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Brett Favre, the Hall of Fame quarterback, flubbed his recent audition to replace Jon Gruden as an analyst on Monday Night Football, according to the New York Post. Favre has been credibly accused of workplace sexual harassment by multiple women. He has never apologized. That he would even get the chance to audition indicates just how thoroughly he has evaded consequences for his actions.

The Post’s report also said “it was unclear if Favre would even want the job.” Favre reacted by firing off an “I didn’t want it anyway” tweet last night:


Another Favre-related story dropped yesterday, this one by Nina Mandell of For The Win. It’s an interview with the former Jenn Sterger, who now goes by her married name, Jenn Decker. She’s the woman who accused Favre of leaving her voicemails and texting her sexually explicit photos back in 2008, when they were both employed by the New York Jets. The problems began, Decker told Mandell, when another Jets employee approached Decker and told her that Favre—whom she had never met—had requested her phone number. Decker recalled giving a “smart-ass” reply before walking away—only to start getting texts and voicemails from Favre soon afterward.

“He started off talking to me about dumb stuff and he really never told me who he was, it was very implied,” Decker told Mandell. Decker said her industry friends told her to brush it off. She eventually alerted a Jets employee, who told her things would be taken care of. She changed her number, only to have Favre contact her again. Decker went on to relate how she became depressed during that season—and how afraid she was to tell anyone about what happened. From Mandell’s story:

“My parents had no idea what was going on,” she said. “My parents are my best friends, so not being able to tell them – I was nervous what they would think about me. My parents already put up with so much of me living this alternate life that they knew was a character basically but they put up with so much and I honestly didn’t know how to tell them. And I didn’t know what they would want me to do about it.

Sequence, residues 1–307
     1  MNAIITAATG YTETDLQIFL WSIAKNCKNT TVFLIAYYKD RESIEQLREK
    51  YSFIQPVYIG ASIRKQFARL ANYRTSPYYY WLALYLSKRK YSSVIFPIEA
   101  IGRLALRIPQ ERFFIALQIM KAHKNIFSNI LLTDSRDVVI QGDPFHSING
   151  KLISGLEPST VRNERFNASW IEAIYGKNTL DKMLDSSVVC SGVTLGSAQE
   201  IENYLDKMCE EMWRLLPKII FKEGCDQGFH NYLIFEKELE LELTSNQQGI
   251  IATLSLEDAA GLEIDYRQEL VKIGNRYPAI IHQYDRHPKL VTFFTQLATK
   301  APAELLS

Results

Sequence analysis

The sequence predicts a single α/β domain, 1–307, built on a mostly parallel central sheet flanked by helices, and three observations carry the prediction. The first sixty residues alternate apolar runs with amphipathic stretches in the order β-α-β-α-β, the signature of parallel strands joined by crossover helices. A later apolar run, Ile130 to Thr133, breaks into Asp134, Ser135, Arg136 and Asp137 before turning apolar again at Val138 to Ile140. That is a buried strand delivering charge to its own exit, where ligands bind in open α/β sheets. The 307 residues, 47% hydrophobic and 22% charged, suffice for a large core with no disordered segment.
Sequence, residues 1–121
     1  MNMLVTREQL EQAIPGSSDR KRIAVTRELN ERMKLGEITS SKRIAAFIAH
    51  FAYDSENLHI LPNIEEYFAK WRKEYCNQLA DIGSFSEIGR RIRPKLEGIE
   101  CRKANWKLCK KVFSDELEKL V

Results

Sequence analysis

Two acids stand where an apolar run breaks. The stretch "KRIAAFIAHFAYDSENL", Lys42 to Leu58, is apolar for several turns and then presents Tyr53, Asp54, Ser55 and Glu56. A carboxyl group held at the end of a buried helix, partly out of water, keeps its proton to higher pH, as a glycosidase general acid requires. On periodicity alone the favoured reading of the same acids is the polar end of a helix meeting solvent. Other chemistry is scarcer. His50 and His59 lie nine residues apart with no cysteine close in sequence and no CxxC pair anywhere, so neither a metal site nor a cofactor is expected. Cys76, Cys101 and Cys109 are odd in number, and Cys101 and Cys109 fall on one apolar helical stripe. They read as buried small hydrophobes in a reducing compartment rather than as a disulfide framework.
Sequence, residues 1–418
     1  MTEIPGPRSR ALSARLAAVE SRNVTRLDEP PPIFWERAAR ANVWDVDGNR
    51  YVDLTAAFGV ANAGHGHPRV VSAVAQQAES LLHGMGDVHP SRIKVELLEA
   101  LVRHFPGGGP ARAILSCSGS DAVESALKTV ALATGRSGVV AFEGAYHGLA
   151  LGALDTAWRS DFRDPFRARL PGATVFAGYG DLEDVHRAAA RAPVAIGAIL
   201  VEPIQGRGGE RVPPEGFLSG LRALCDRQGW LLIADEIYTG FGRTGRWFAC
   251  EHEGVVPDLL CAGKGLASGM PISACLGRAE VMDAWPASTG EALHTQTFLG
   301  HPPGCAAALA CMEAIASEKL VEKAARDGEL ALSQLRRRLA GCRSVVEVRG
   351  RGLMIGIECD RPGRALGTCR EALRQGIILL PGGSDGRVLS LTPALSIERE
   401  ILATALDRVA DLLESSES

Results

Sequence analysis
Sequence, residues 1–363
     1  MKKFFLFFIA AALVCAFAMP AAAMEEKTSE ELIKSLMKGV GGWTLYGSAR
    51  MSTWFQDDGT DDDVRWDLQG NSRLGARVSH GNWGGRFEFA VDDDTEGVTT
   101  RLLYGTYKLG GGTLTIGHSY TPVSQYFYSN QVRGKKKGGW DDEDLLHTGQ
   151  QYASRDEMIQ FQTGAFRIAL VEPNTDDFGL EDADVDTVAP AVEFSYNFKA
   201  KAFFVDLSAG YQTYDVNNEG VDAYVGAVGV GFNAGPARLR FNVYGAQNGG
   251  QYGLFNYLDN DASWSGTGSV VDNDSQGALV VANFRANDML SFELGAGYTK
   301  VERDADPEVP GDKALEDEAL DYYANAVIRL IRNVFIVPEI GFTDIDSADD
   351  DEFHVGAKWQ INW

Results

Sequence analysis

“You know my parents have always taught me to stand up for myself and to basically feel like I was rolling over, letting people treat me poorly, I felt like I was an embarrassment to them at that point.”

Based on conversations with Decker, Deadspin first reported on Favre’s behavior in 2010—albeit after Decker later declined to cooperate. A few months later, Deadspin published the evidence, including voicemails and sexually explicit photos, which were obtained from a third party. The NFL claimed it could not prove it was Favre who sent Decker the material, but it fined him $50,000 “for his failure to cooperate with the investigation in a forthcoming manner.”

Decker was not the only woman to accuse Favre of harassment. Soon after Decker’s allegations surfaced, two women who worked as massage therapists for the Jets sued Favre, the Jets, and their boss. The women alleged that Favre ogled and propositioned them via text, and that the Jets didn’t re-hire them after they complained. A Manhattan judge refused to dismiss the case, which meant Favre would have to be deposed. He eventually settled for an undisclosed sum and also succeeded in getting most of the court records related to the case placed under seal.


Favre was inducted two years ago into the Pro Football Hall of Fame, and he still makes the occasional television appearance as a Wise Old Football Man. As with Kobe Bryant, whose new ESPN television show debuted last week, Favre’s conduct has largely been forgotten. After the Post published its report about Favre’s ESPN tryout, the Big Lead brought up the Decker incident, though there was no mention of the subsequent lawsuit from the two other women, or the settlement.

What seems clear is that ESPN reached out to Favre. What’s less clear is why the Worldwide Leader would want Favre as the celebrity face of one of its biggest recurring live sports programs. An ESPN spokesperson declined to comment.

Dom Cosentino is a staff writer at Deadspin.

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